Y: Because when me go pon the road people go tease me and call me all sort of name. And even throw things on me, or… GC: They would try to harm you?
Y: [He nods] And spit after me. A lot of things. A whole heap a things I used to go through. Plenty things.
GC: Was the music a way to deal with that?
Y: Yes, is the music change it. Music change everything. GC: Did the music help you get away from the prejudice?
Y: I never knew the music would do that. I never knew. I never expect I would be in the music business. I was just going around and singing to the other children in Alpha Boys School, Maxfield Park. I even used to get flogging for that, too. I used to get beating. I used to get flogging from Sister at Alpha Boys’ School and the staff. Because, even when it’s bedtime, other children used to gather round my bed, and I sing. Because they used to love hear me sing. But me would sing other people song. I used to sing a Bob Marley or a Michael Jackson song. Jackson 5.
GC: When you started coming out with slackness songs, there was a reaction from society and also from other musicians, saying that your songs were too profane. Peter Tosh, for example, was one of the musicians who objected?
Y: A lot of them. Dennis Brown. Peter. Bunny. Third World. A lot of them.
GC: What were Peter’s and Bunny’s reactions?
Y: As a rasta man, they were offended because they were before me and their music is a rebel music. Because their music was rebel music, they were singing about, tribulation, sufferation. And I was singing about man and woman, sex. But when me and Peter became friends, and Bunny, is when they come to me one day and say, “Bredrin, you have to stop singing them songs.” So I say to Peter, “Look, you can’t name me alone, because you listen to R&B songs. R&B sing a lot of X-rated stuff. Look at songs like “Sexual Healing.”” Them start say, “Ah true.” And me and them became friends. Me and Bob [Marley] became friends.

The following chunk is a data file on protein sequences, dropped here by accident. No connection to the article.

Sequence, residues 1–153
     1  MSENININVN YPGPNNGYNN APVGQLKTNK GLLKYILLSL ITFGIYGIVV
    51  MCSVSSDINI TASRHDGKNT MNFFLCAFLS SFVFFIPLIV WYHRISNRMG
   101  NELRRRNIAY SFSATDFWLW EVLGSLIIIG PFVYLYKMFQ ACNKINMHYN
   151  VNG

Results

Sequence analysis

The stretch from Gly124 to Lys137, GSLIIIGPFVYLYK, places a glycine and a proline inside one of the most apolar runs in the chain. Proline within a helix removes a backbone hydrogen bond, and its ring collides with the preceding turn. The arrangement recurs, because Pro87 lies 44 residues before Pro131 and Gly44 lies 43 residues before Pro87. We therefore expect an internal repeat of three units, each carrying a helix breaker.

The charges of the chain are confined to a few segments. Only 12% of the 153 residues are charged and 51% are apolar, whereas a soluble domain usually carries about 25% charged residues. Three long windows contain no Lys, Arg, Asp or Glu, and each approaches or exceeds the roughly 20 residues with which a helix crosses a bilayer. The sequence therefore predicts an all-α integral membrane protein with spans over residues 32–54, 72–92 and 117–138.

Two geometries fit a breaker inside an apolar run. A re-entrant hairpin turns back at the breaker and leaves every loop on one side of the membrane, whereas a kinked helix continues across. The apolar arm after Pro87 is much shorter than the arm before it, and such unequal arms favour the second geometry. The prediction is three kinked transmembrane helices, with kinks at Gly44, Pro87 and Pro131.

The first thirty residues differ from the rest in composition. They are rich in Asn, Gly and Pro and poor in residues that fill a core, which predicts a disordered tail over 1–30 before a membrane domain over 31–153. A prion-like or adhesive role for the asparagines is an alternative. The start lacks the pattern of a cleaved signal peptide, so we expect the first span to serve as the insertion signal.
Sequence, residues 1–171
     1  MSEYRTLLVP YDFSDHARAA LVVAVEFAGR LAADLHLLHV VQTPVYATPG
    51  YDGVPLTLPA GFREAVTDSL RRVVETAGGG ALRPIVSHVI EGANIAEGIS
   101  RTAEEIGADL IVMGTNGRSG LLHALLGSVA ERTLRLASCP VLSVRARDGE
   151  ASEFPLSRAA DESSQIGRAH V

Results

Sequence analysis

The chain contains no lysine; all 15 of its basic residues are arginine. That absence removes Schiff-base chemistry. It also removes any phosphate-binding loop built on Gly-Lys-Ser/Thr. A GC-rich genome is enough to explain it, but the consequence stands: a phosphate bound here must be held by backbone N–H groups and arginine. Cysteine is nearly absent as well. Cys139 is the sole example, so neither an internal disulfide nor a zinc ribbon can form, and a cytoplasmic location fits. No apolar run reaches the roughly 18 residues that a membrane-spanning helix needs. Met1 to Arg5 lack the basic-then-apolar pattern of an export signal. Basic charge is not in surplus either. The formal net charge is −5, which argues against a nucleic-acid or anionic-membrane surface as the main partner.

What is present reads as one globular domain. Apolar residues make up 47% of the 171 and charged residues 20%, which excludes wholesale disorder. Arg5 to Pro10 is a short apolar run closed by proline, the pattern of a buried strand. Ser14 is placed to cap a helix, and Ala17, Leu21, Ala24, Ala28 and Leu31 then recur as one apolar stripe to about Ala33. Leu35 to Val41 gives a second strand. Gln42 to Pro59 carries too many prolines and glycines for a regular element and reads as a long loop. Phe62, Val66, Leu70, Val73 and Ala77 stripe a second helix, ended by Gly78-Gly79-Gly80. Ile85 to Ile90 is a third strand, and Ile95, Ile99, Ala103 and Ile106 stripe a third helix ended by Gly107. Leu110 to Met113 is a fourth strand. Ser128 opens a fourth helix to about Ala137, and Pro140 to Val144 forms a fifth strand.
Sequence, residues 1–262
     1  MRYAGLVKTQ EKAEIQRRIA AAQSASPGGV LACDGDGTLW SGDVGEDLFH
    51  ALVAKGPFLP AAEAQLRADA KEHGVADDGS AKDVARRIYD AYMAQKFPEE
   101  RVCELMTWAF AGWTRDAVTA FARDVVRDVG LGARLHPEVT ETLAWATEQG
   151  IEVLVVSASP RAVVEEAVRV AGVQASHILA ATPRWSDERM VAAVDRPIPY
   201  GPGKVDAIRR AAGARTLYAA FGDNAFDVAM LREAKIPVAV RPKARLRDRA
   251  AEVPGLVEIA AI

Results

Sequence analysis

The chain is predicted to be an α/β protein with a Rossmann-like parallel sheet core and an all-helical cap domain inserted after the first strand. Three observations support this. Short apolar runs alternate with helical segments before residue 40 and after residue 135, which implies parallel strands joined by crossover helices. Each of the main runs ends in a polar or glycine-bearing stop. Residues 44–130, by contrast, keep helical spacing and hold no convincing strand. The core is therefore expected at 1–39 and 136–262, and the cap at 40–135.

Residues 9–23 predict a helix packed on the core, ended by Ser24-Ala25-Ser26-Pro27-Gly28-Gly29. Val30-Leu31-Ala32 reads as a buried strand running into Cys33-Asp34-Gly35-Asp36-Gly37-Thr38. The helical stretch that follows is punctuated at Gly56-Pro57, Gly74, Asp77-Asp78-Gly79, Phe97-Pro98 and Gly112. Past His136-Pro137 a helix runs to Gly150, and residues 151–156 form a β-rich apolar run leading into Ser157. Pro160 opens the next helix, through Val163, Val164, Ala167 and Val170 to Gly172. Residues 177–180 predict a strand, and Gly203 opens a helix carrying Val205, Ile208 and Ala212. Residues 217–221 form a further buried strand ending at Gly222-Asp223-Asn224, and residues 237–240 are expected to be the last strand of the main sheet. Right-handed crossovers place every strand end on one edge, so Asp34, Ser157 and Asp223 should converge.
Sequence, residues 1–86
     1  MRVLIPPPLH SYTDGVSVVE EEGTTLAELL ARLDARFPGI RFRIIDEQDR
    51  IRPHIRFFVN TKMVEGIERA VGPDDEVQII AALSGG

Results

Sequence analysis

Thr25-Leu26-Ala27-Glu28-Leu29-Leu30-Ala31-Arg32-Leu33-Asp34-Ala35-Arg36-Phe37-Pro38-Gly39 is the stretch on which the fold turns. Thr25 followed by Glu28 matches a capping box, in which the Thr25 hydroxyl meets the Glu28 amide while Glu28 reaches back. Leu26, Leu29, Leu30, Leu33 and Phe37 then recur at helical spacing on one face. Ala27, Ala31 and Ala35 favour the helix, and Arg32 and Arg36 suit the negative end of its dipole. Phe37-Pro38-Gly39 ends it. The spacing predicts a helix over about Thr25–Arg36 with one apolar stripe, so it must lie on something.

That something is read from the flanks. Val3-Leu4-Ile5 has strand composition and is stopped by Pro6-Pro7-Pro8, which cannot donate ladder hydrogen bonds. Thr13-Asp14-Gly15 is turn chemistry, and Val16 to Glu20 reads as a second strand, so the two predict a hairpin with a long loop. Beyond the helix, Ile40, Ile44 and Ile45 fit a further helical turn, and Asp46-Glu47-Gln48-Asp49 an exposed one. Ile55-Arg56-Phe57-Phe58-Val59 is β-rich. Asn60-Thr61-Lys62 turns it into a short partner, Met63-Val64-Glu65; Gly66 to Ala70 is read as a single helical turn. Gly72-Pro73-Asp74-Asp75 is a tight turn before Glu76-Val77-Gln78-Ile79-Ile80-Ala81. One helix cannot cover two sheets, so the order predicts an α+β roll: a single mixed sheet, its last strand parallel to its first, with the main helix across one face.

GC: Was Bob one of the people who was critical?
Y: No. Bob never even say a word because Bob mother used to love me. And him children. Bob never was an aggressive guy like Peter Tosh and Bunny. Out of all of the Wailers, Peter and Bunny was the radical guys. They was the guys who was the rough, roughest.
Bob was me friend. Bob was a good friend of mine. Because Bob mother used to love me. I don’t know, maybe it’s because me color. Bob mother love brown high color. Because you know Bob’s father is a white man. So, I used to go to Tuff Gong [Studios] and give them a lot of joke and make them laugh.
GC: Would you talk music with Bob?
Y: No, never music. We just… The mother used to love me. And I don’t know if the influence from the mother makes
everybody else embrace me.
GC: You met his mother at Tuff Gong [Recording Studio]?
Y: Yeah man, Tuff Gong. Me just go up there to see if I can get a break. Them a one of the people who never turn me out or turn me down. And if anyone was there who have the idea or the intention to do it, they couldn’t because Bob did like me, and him mother did love me.
GC: Did anyone ever try, and did Bob or his mother have to intervene?
Y: No, them never show it. Them never show it because the influence round Bob was love. You can’t talk to Bob any bad thing about another man. Bob woulda run you away. That’s the reason why him and the guy name Niney couldn’t agree. Because Niney is a guy who used to love chat. So Bob never like them type of people. You come round him and tell him something bad about somebody, Bob say him no want any of that. So, me pick up that influence from Bob. You can’t come to me and talk bad and talk bullshit about another man. The reason why—I don’t know the man. Who am I if you come tell me bad things about that man? “I don’t want it here”—so Bob used to say. It was the love and the peace round Bob that you can’t talk any bad thing. The discrimination is a bad thing and Bob know that and them know that. So if them did have the intention, them couldn’t say it. Maybe them say it amongst them one another. But not when Bob or Ms. Booker or [Bob Marley and the Wailers bass player] Family Man is there.